Montpellier is the ideal place for exploring the central and eastern end of the Midi and we visit amidst the classic communes of the Coteaux du Languedoc. Appelation, such as Aniane St Saturnin, Pic-St-Loup, St Drezery, Picpoul-de Pinet and Faugeres. We mustn't be too hung up on Appelation D'Origine Controle (AOC) in the Midi, for it is here that many have broken with tradition trying new grapes and methods and produce wines under the "Vin de Pays" banner.
During our time we visit foreign owned vineyards which may have a "flying winemaker" from the Southern Hemisphere; we visit small family run vineyards started by people who have turned their backs on their succesful careers to indulge their real passion and we visit family run businesses that have been there for a long time but are embracing change and expressing the traditional wines in a new world way.
Pont du Gard
Time permitting lets also visit the Tarn Gorges, the world's highest bridge, the home of Roquefort Cheese, the Roman Aqueduct over the river Gard, the Roman Ampitheatre and town of Nimes, the Mediterranean seaport of Beziers renowned for it's oysters and mussels and crisp white wines. Next, we move west following the Via Domitia and the Canal du Midi to Carcassone a walled medieval city that is worth a visit in itself. We stay within the walls and explore the surrounding wine country.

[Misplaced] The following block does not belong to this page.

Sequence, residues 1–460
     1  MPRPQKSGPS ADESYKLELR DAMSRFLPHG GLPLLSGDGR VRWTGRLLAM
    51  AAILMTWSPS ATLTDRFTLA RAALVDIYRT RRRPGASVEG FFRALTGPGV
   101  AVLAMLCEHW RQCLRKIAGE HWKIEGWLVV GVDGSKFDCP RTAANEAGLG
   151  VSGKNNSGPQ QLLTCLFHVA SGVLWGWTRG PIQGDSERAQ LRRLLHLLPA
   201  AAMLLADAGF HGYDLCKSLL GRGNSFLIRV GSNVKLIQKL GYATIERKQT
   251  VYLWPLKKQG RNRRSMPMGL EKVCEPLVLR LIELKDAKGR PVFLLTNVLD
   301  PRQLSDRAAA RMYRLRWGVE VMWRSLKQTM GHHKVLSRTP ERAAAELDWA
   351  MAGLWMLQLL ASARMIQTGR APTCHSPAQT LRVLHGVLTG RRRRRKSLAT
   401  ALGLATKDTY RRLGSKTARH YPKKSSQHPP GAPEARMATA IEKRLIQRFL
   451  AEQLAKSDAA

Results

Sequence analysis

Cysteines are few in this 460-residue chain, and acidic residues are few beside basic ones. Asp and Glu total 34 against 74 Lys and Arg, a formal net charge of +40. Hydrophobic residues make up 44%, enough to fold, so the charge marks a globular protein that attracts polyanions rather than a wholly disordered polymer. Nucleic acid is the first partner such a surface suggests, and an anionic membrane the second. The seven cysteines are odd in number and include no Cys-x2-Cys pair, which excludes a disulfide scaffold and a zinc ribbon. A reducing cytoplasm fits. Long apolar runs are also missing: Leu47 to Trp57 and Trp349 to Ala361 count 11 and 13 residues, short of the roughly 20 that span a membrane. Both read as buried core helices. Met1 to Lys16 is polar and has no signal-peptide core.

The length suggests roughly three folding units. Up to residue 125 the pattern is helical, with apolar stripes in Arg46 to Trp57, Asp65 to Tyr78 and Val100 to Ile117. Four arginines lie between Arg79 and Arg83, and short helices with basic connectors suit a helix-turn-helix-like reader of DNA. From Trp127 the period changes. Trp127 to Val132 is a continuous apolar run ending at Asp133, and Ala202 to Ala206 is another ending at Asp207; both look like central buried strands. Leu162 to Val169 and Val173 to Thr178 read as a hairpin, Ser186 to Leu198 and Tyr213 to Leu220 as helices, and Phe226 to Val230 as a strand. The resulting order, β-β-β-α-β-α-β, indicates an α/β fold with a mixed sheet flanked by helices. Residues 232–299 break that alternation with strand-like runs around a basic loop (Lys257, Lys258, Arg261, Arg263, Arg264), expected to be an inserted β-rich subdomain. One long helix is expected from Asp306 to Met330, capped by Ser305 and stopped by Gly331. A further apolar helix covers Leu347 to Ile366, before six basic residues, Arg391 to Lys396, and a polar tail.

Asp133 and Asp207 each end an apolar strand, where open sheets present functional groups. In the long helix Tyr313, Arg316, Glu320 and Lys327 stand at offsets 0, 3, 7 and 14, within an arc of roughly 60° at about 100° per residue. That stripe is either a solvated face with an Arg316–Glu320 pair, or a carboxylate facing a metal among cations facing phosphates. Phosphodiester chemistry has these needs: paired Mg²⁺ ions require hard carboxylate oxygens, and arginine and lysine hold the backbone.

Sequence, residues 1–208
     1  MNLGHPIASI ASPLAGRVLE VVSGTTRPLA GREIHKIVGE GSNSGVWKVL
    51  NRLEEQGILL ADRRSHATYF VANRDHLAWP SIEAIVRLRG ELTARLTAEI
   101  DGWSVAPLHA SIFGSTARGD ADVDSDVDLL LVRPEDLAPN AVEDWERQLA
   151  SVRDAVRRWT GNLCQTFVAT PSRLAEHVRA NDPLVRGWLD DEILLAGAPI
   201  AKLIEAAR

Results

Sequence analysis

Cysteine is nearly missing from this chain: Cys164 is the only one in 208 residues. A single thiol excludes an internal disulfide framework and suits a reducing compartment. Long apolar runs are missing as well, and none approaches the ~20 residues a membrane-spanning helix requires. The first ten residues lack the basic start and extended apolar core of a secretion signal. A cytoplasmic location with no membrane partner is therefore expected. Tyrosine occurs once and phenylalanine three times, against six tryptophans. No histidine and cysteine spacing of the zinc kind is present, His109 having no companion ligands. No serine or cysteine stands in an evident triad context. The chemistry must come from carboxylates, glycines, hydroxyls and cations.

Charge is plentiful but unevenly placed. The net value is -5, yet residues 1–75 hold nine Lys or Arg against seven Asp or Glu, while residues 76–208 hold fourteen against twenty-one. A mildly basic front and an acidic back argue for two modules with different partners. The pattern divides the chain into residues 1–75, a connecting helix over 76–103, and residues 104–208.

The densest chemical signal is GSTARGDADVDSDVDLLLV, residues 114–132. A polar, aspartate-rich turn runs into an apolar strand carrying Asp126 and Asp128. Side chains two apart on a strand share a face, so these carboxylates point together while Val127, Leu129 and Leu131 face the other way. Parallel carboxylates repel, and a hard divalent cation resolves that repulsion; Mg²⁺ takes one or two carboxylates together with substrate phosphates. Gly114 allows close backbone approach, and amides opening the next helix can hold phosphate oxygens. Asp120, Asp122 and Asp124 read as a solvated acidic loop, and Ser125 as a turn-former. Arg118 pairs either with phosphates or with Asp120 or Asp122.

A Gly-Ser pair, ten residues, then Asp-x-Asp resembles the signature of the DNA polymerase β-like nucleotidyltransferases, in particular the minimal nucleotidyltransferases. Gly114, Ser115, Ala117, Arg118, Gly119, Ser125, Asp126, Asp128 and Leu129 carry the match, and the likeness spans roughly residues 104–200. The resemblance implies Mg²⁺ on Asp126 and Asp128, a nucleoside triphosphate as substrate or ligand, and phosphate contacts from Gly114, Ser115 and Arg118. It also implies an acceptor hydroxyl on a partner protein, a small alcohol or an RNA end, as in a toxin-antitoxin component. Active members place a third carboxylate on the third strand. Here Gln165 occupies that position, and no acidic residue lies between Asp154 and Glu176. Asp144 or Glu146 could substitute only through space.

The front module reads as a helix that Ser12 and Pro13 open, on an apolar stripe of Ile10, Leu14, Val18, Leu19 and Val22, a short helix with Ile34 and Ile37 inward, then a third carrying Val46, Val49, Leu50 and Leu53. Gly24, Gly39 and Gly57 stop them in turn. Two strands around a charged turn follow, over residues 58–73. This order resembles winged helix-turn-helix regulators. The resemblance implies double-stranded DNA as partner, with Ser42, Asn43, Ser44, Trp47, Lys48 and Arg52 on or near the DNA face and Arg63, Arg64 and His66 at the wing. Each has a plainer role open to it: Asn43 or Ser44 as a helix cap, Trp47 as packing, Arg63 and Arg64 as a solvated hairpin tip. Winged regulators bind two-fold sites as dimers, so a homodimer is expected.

Like Montpellier, Carcassonne is an ideal base for exploring the western Midi and in the heart of two well known Appelations; Minervois and Corbierres. Here too though there are hundreds of new wave and traditional producers that give us an outstanding array of wines.
Peyrepertuse — Denis Corpet
Other than the spectacular Carcassone, there is a scenic drivethrough the Black Mountains to Albi famous for its imposing red brick Cathedral and association with Toulouse Lautrec. For those with heads for heights the largest Castle in the area is Peyrepertuse built on top of a rock.
Cathedral of Albi
The great thing about this region is the hospitality and passion of the people, a passion they are keen to share and they open their doors to us and explain their wine and techniques as we taste the evidence. A fantastic experience in a exquisite setting. Come and enjoy
La Vendangeuse 1875
- William-Adolphe Bouguereau
In addition to the New Wave Tour, several regions go well together for touring:
Beaujolais/Rhone and Provence
Loire Valley and Bordeaux
Champagne/Burgundy and Alsace
Each of these has stunning wines, great scenery with many attractions other than wine. We would be delighted to put together an itinerary based on your requirements, time available and particular interests.
Beaujolais/Rhone and Provence Wine Tour
First night - Lyon
Lyon, the second city of France, lies between two of the great wine rivers of France the Rhone and the Saone. The former leads south through Provence, the latter north through Burgundy. It is a perfect place to start in this amazing city, famous for its old town between two rivers, wonderful old buildings, town squares, art museums and great cuisine.
Just a forty minute or so drive North takes us to the beautiful region of Beaujolais. Recently the region's reputation has been detracted somewhat by the Beaujolais Nouveau which has been of indifferent quality and marketed more on the event than for the wine itself. This does it a great injustice since the real definition of a great Beaujolais lies in the northern roof top villages known as the ten "crus", such as Brouilly, Morgan and Fleurie. As we visit family run vineyards we find out that the real truth about beaujolais lies in the quality of the wine in the glass, the warmth of the welcome and the beauty of the rolling hills.